It is not uncommon for outdoor adventure enthusiasts to stumble upon dead animals while out and about in nature. However, it is not often that you see a dead moose being consumed by hundreds of thousands of ticks. Unfortunately, for the past several years, these macabre sightings of mutilated moose have only been increasing. The culprits in these numerous moose murders happen to be the dreaded tick.
Moose are regarded as majestic animals by many citizens of the Northern regions of the United States. The classic image of a moose standing proudly amongst the many beauties of nature could be considered a personification of northern pride. Given the reverence people have towards moose, the many grizzly sightings of moose corpses are only making people hate ticks more than ever.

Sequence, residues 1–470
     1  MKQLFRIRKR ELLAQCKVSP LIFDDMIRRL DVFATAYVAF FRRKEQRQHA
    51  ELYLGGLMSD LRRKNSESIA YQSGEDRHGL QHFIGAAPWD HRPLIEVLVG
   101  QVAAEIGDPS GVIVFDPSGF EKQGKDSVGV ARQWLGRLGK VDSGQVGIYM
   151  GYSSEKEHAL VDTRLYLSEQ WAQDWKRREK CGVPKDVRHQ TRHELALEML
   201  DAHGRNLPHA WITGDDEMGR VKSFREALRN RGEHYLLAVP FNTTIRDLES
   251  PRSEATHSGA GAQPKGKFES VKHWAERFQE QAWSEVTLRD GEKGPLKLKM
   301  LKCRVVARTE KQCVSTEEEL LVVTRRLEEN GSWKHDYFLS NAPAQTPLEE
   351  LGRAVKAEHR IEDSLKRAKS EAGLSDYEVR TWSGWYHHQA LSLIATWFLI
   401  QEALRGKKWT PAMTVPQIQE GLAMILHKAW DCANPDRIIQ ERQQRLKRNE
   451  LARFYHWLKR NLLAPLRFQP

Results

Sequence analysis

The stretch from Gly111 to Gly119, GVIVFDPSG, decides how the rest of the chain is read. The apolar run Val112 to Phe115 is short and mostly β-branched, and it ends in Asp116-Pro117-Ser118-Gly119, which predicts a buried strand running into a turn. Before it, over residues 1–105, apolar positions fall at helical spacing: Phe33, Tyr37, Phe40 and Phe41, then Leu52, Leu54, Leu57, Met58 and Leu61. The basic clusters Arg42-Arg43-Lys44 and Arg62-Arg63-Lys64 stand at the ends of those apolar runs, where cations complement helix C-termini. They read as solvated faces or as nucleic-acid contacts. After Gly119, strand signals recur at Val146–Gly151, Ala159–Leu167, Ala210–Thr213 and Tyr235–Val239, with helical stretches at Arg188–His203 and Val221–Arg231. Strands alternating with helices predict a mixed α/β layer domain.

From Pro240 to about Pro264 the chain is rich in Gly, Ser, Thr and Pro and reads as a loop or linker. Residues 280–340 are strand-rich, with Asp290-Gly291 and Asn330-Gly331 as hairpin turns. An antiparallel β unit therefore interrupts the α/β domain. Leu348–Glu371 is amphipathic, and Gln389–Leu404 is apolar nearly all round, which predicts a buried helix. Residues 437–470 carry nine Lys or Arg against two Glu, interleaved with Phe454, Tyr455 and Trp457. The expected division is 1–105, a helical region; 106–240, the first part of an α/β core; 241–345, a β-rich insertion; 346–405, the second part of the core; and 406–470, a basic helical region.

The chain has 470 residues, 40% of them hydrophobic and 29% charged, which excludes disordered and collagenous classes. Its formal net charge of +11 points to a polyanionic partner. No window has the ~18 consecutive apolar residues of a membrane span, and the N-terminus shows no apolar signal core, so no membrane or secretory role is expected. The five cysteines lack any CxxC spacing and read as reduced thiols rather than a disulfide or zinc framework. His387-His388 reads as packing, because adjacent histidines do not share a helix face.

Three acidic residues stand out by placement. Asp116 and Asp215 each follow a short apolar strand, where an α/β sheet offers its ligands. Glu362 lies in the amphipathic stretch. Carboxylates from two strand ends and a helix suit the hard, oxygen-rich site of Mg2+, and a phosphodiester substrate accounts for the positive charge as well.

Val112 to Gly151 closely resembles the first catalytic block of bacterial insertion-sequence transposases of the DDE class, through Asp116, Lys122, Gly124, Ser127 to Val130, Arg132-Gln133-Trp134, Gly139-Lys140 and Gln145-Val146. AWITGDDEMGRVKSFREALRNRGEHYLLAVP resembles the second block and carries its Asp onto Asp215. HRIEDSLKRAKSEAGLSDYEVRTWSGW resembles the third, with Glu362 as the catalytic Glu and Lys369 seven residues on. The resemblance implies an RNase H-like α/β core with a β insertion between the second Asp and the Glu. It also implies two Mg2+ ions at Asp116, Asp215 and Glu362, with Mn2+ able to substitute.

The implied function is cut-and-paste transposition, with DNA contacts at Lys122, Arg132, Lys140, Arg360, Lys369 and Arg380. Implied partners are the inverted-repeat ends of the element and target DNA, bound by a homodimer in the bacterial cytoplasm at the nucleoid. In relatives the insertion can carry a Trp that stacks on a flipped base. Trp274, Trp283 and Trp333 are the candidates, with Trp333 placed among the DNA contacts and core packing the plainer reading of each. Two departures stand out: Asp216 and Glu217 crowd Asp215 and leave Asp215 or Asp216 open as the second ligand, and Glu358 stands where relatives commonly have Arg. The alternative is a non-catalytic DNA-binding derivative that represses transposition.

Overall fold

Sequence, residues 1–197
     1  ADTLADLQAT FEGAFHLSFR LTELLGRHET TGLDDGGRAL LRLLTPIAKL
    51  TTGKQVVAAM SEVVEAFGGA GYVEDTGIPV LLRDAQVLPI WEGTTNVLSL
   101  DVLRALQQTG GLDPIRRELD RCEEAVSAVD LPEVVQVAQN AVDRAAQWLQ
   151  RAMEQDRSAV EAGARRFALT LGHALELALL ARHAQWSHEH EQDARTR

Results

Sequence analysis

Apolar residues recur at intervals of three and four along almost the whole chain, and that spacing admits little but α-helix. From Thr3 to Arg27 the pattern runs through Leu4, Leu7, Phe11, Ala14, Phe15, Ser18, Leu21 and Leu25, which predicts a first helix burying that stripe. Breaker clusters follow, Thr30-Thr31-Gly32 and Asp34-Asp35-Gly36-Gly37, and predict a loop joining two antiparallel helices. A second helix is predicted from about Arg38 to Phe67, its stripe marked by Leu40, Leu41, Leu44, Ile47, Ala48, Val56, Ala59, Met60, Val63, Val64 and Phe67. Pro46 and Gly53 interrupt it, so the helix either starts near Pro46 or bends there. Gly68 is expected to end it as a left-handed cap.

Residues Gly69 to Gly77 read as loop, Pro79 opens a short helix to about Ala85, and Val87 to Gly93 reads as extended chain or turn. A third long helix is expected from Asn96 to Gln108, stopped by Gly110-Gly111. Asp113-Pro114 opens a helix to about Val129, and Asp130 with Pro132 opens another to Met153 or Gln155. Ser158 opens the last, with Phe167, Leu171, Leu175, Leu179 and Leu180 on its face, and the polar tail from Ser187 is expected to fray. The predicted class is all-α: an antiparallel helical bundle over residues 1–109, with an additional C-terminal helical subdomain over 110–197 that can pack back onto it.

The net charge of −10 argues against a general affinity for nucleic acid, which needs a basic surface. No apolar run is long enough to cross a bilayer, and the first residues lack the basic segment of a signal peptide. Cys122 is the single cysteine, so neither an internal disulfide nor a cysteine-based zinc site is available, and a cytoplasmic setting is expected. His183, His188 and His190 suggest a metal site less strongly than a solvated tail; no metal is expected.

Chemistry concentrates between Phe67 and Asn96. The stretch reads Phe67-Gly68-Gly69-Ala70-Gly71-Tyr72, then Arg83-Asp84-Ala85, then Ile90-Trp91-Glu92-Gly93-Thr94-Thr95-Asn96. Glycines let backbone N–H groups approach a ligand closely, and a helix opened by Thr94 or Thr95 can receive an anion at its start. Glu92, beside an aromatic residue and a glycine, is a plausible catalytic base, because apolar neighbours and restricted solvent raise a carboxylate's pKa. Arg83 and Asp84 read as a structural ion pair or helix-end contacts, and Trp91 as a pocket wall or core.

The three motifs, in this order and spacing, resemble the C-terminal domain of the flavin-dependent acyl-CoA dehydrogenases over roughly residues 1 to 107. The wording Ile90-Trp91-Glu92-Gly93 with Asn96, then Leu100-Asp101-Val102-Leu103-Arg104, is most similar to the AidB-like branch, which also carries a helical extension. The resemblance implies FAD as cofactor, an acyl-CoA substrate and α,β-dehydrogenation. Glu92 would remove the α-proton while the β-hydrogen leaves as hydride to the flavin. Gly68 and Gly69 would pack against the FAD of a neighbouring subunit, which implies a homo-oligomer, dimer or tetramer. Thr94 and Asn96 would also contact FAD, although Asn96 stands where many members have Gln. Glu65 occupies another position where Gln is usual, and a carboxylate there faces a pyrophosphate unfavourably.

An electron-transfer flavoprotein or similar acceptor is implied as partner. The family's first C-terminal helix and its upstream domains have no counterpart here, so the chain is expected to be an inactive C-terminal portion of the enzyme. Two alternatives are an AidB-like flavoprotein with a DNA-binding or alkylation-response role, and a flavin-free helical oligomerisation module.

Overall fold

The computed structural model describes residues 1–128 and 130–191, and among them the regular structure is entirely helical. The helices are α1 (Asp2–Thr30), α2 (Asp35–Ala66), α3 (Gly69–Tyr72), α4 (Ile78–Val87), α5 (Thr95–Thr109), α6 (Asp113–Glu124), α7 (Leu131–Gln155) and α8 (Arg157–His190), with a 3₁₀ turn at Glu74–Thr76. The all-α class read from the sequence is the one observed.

Experts claim that these moose are being killed by mass amounts of ticks that are surviving the mild winters as a result of rising global temperatures. Sadly, calves are the most vulnerable to these mass tick attacks, and the recovered moose corpses are often drained of blood, indicating a heavy tick presence.
Researchers claim that over seventy percent of calves that the researches had tagged beforehand ended up dying as a result of bloodthirsty ticks.
Winter ticks are undeniably nasty creatures as they attach themselves to their victims in the thousands, and remain attached during the tick’s entire life cycle. The ticks are so numerous that the amount of blood that they consume from their victims is so abundant that moose cannot produce enough proteins to sustain their bodily functions. This process, of course, results in a rather unpleasant and short death for moose. Researchers are adamant that these extremely numerous tick populations are abnormal and an inevitable result of global warming.
Do you think that it is possible for these abnormally high tick populations to be caused by an environmental factor that is not a result of human activity?